US chiefs say Beijing's impact will be huge
RALEIGH, North Carolina, Sep 11 (Reuters) US Olympic chief Peter Ueberroth has witnessed the glory of sport as organiser of the 1984 Los Angeles Games and commissioner of Major League Baseball. Now he believes an even bigger spectacle is on the horizon.
''As we all look toward the (2008) Olympic Games in Beijing, I think that this will certainly be the most important sporting event, certainly in my lifetime,'' the 68-year-old Ueberroth said recently.
''This is actually larger than a sporting event. It is a country's step on to the centre stage,'' said Ueberroth, the U.S.
Olympic Committee (USOC) chairman.
The Games' footprints would reach far beyond sport and China, said USOC chief executive officer Jim Scherr.
''It will be one of the defining moments of our generation, not only athletically and for sports, but culturally, socially and economically,'' Scherr said.
More than half the Earth's population would watch television images of China's show, Ueberroth said.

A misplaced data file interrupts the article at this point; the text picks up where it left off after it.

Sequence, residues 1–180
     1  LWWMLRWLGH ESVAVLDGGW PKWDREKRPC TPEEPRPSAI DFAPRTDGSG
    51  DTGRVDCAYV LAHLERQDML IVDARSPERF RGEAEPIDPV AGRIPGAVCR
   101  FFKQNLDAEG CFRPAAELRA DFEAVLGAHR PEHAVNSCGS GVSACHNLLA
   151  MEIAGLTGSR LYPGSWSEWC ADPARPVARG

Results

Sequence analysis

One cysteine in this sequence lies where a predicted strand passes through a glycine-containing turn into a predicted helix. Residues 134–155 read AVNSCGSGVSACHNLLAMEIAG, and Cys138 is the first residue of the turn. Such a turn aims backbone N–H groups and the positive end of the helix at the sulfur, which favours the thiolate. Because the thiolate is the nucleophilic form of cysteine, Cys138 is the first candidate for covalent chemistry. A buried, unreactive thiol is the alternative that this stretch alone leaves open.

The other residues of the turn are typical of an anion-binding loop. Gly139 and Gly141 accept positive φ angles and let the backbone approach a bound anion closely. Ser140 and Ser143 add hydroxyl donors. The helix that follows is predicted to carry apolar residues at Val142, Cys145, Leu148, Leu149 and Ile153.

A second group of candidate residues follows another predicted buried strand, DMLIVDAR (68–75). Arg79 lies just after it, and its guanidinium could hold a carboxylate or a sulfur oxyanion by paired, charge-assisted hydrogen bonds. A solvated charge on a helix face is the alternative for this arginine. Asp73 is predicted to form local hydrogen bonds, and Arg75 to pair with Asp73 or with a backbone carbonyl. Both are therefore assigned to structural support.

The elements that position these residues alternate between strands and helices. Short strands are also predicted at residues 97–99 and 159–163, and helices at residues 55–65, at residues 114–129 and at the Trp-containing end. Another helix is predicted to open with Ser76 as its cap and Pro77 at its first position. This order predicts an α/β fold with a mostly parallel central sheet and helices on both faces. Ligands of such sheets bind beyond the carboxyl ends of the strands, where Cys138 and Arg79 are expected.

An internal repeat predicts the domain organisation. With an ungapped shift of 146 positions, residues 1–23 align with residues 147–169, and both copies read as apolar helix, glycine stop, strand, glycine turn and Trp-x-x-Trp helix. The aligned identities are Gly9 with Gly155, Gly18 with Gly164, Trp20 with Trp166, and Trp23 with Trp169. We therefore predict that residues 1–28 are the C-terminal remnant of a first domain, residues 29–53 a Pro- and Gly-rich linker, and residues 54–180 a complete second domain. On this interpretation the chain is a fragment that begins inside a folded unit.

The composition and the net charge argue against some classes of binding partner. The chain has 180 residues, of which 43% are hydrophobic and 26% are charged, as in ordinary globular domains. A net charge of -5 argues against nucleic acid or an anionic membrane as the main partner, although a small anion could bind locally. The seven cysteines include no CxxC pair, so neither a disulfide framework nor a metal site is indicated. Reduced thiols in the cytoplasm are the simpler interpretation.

They would see a coming-out party like no other, he predicted.
''The quality of the venues will be at a new level,'' Ueberroth told reporters during a joint teleconference with Scherr.
''The preparations both in cost and effort, and personnel and training, will be at a level that is not yet being conceived in any other sporting event.'' ''They will leave no stone unturned,'' Ueberroth said.
OLYMPIC COSTS An estimated billion will be spent in upgrading Beijing's infrastructure for the Games, with around 2 billion dollar in direct Olympics costs. Half of the latter will be paid by the International Olympic Committee (IOC).
Athens had about 12 billion euros (.43 billion) for the 2004 Games, according to the country's finance minister. This included the cost of constructions such as venues, athletes' and media villages, revamping of existing sites, access roads, the new Athens tram and security.
Almost 20,000 elite Chinese athletes, utilising 195 centralised training departments in 31 provinces, were seeking to become 2008 Olympians, Scherr said.
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